An Edmonton mother and daughter have been awarded $25,000 for their idea to help deter increasing catalytic converter thefts.
In August, the Edmonton Police Service (EPS) in partnership with the Edmonton Police Foundation (EPF) launched the Catalytic Converter Challenge with $50,000 in prize money for new ideas and technological innovations from the public to help solve catalytic converter thefts.
There were 210 entries from around the world, and six were shortlisted and judged by a panel of EPS members, EPF board members, and industry experts on the viability of the solution; cost of the solution to deploy; the creativity of the solution; and scalability of the solution.
On Friday, Mavis Shaw and Tamara Dolinsky, who created Foilem Fence after Dolinksy fell victim to a catalytic converter theft in June, were awarded the first-place prize of $25,000.
The product, which is patent-pending, is a fence that prevents people from getting under the vehicle but it is also very visible in order to deter thieves.
“The insurance adjuster that I was speaking with, he warned me that it would likely happen again because they knew where my car was and it was easy for them. It was just a crime of opportunity,” said Dolinksy. “So, Mom and I started thinking about what we could do to prevent that from happening.”
The pair had four goals in mind: to create something visible and deter someone from trying to steal, something that would physically prevent them from getting under the car, as well as being easy to use and affordable.
“Mom came up with the idea for the Foilem Fence,” Dolinsky said. “We were able to have it built and I have been using it since I got my car back from being repaired, and it’s fine and nobody’s touched the car.”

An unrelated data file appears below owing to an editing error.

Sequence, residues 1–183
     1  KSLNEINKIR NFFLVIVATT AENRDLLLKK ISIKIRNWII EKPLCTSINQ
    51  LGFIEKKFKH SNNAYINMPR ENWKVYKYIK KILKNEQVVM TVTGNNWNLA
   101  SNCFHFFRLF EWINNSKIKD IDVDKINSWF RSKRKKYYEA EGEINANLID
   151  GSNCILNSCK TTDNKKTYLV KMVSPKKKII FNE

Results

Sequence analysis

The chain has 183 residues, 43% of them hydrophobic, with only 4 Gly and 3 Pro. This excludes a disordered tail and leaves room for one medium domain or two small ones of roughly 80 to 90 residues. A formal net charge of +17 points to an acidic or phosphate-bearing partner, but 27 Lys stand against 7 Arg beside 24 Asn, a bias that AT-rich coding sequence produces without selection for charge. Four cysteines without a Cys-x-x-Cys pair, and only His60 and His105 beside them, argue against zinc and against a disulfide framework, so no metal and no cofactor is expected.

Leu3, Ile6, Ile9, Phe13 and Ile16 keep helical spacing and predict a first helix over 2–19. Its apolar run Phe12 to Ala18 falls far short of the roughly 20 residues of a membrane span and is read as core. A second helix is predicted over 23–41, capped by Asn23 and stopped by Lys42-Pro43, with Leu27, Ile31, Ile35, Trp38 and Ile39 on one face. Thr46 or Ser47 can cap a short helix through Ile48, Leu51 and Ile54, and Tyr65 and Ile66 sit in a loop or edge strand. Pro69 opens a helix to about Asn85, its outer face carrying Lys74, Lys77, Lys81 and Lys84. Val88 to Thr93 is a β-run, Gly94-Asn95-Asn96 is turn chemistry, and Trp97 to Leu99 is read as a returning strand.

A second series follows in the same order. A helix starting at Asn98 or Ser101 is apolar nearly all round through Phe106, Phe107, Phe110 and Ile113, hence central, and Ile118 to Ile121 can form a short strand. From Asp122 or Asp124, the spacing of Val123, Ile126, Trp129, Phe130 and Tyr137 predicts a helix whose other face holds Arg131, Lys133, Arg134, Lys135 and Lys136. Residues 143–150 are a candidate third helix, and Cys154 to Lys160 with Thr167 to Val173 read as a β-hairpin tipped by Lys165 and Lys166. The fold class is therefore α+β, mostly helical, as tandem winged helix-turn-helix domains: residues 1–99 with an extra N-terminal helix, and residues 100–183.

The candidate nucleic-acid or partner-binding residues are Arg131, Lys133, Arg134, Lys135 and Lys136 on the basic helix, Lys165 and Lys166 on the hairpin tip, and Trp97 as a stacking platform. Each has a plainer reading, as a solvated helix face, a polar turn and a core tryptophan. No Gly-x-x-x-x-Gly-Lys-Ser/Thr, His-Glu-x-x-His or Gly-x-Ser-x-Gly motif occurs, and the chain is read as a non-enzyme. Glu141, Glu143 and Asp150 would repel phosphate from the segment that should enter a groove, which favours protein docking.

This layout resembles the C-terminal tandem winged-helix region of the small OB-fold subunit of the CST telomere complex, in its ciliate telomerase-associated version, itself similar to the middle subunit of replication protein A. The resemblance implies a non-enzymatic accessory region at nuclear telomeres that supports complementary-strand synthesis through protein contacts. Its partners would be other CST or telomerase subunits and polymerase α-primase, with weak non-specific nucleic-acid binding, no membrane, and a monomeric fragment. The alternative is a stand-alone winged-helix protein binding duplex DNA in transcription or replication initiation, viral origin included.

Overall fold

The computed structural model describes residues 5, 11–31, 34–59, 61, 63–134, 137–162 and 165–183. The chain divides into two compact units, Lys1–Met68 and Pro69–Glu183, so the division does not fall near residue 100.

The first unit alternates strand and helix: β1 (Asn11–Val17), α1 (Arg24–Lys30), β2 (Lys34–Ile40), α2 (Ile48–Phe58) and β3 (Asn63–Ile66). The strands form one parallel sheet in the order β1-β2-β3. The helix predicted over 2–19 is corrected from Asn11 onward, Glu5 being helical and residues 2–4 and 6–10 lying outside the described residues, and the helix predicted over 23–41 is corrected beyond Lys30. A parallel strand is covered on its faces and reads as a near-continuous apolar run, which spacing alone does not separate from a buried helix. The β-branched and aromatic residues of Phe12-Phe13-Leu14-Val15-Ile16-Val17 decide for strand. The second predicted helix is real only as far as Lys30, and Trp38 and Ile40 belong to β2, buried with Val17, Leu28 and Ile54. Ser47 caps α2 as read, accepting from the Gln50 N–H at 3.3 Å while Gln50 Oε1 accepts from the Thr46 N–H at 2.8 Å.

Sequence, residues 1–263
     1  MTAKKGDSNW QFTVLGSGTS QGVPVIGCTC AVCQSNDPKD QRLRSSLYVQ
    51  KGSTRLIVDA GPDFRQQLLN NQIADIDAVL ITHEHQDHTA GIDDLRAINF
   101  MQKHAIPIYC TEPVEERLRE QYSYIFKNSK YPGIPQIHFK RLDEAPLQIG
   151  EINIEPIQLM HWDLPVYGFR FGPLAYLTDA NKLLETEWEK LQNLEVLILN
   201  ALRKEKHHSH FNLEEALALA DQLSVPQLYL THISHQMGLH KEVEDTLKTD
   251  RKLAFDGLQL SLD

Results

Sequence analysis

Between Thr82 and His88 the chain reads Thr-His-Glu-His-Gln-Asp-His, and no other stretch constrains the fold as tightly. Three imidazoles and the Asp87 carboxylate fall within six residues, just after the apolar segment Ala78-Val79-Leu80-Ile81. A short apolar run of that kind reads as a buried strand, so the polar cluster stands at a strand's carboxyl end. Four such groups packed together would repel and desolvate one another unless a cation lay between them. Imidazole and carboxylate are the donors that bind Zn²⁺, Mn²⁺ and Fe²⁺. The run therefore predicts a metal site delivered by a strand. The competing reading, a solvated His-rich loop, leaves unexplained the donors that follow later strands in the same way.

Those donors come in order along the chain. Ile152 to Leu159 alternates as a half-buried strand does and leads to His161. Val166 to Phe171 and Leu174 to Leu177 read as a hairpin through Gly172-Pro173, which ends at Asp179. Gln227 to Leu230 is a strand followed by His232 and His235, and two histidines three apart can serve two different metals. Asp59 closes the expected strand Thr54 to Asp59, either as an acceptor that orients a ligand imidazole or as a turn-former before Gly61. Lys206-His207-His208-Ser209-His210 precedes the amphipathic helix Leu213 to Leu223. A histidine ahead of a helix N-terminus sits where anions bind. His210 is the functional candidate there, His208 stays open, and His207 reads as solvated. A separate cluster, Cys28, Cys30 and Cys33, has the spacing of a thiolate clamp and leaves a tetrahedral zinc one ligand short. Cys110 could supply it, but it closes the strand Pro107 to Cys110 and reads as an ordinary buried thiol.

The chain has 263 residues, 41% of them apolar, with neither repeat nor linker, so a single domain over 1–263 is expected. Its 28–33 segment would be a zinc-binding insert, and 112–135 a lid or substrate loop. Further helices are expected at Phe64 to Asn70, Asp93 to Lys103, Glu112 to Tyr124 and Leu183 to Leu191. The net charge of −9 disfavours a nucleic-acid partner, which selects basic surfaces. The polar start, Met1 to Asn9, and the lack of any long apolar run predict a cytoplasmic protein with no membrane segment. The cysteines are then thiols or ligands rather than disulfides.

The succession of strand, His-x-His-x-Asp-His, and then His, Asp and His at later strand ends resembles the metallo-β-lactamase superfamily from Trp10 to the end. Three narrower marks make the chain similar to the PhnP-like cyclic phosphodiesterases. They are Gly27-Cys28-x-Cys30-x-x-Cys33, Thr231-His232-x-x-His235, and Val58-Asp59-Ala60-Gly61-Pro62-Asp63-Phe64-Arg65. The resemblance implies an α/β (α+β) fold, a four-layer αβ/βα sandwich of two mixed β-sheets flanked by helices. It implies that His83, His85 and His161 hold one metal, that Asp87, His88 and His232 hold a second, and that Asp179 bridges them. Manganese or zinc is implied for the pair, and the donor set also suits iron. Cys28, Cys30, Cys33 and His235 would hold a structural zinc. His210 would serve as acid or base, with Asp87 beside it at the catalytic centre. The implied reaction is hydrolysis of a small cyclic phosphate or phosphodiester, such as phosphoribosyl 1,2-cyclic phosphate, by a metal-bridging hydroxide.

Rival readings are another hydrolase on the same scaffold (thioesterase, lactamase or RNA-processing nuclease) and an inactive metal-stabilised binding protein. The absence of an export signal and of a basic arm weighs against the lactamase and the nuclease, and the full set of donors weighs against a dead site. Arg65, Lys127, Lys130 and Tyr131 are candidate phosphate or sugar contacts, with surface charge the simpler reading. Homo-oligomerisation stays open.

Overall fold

Ashif Mawji, chair of the EPF, said the solution that came in second place and was awarded $15,000 was King Strap, out of Edmonton, which essentially is a harnessing device that goes around the converter.
In third place and awarded $10,000 was Catalytic Converter DNA, a company based out of Florida that created a solution that etches a VIN to the catalytic converter so it is easily identifiable.
Police said there has been a 25 per cent increase in reported thefts from 2021 to 2022 and in the first two weeks of 2023, there were 130 thefts citywide, nearly double the three-year average of 74 in the same time frame.
The increasing number of thefts appears to follow the increasing value of precious metals such as rhodium, palladium, and platinum found within catalytic converters, that can be sold and recycled for profit.
In addition to the Catalytic Converter Challenge, EPS is also speaking with local auto service centres on additional measures such as VIN etching that can be done affordably, and lobbying various levels of government to further tighten the laws regarding scrap-metal recycling and increase the penalties associated with illegal activities.